I'm assuming that your refering to my comment to querty999 after he failed to answer any one of my questions correctly. I've already used the word apology in a reply to him. That's all he's gonna get from me. I'm sure that he meant well in any one of his worthless replies. If you re-read the posted thread from the start, each one of his replies was nothing but fluff. You answered my query in 2 posts, whereas querty999 never once came close to giving a direct answer. Thanks again pal.


09:44PM | 03/19/13
The goal is to get 3 types of water. Soft Hot, Soft Cold, and Hard Cold water. Hard cold is supplied from the source. The Hard Cold will go outside,to your refrigerator for ice and to your cold kitchen sink for drinking water. The rest of the house will go thru the softener. Soft Hot thru the water heater, Soft Cold supplies all other inside cold sources except drinking water.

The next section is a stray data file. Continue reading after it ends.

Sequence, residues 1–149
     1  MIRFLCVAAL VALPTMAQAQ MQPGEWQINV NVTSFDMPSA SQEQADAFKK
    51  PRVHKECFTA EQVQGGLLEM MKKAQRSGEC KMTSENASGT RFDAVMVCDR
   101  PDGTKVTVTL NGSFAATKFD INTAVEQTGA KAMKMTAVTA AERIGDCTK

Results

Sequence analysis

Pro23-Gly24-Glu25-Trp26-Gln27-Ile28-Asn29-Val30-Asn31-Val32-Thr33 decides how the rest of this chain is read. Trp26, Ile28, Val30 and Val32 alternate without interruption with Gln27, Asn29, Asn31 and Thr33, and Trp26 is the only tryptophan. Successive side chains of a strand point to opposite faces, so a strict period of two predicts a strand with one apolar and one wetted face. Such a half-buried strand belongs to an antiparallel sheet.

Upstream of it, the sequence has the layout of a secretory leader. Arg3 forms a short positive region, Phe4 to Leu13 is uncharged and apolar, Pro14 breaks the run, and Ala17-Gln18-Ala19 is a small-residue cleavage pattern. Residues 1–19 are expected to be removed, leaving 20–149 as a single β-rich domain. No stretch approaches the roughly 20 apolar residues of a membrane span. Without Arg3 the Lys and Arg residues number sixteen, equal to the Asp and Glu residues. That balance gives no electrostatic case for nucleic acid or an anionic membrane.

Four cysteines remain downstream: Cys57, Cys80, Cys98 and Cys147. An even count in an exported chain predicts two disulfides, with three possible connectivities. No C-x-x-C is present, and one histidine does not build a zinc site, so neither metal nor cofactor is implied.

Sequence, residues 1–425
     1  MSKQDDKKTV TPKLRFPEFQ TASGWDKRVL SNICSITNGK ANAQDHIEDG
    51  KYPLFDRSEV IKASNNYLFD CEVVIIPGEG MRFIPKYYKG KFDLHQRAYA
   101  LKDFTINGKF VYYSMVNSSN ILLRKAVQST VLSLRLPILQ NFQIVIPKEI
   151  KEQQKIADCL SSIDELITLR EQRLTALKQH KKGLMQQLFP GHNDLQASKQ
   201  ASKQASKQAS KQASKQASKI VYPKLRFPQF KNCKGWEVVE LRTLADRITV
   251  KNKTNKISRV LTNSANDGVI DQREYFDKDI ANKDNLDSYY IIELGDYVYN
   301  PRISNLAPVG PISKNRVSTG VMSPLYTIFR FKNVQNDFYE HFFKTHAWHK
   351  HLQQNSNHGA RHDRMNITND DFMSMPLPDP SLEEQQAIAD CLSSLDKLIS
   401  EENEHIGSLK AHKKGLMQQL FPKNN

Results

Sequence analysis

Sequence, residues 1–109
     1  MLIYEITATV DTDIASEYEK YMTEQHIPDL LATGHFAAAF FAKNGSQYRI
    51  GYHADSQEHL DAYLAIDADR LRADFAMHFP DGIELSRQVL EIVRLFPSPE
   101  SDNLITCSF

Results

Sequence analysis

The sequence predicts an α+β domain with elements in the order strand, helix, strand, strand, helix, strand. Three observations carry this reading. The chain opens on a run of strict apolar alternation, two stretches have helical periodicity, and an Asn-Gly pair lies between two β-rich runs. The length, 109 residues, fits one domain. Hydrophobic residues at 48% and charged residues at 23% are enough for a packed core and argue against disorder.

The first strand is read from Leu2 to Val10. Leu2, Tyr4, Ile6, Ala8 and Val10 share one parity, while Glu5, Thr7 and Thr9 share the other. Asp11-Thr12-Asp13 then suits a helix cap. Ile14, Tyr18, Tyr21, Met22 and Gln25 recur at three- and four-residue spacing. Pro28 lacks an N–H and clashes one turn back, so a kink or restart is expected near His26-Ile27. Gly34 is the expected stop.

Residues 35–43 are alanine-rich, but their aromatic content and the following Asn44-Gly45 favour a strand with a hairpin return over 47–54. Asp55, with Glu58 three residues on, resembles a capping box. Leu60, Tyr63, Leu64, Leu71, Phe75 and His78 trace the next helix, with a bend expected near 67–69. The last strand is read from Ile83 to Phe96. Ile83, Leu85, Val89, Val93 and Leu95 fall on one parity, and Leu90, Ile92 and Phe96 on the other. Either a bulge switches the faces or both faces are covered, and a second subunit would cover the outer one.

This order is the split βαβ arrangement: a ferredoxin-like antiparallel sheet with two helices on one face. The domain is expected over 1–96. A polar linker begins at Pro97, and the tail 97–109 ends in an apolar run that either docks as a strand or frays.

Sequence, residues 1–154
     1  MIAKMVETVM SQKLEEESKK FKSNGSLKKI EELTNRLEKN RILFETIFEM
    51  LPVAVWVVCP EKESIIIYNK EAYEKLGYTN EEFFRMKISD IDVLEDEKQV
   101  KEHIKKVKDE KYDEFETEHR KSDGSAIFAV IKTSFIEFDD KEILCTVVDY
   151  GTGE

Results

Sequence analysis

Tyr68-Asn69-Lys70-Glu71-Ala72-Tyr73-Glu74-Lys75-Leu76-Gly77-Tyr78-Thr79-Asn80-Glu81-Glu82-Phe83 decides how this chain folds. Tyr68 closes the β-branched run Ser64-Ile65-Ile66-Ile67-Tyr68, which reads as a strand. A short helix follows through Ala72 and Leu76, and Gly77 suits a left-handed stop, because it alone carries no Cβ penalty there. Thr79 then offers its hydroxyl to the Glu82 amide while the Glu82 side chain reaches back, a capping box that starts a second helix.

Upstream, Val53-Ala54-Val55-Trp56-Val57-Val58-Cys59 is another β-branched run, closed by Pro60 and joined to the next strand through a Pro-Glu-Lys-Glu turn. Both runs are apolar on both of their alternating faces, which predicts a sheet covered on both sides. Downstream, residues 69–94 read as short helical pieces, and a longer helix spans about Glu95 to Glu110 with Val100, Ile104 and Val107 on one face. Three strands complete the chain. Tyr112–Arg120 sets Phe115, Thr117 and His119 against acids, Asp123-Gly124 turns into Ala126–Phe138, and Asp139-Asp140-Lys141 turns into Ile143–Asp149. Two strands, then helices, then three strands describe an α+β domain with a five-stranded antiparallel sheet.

Hope that helps.


01:47PM | 06/04/13
Hey, troops

Have no idea what a SWL does, or how. However, the current devices I have seen are cream-color-painted cylinders about 8 or 9 inches in both length and diameter that sits on the top of the water tank. Looks like a mini-propane tank with a seam around the middle.

My guess would be it is nothing more than fittings with an expansion chamber for a soft-water system.

Have you asked a soft water company???

Good Luck.


10:25AM | 11/01/13
does a soft water loop also require a connection box like a washer does?


10:26AM | 11/01/13
Does a soft water loop also require a vent pipe?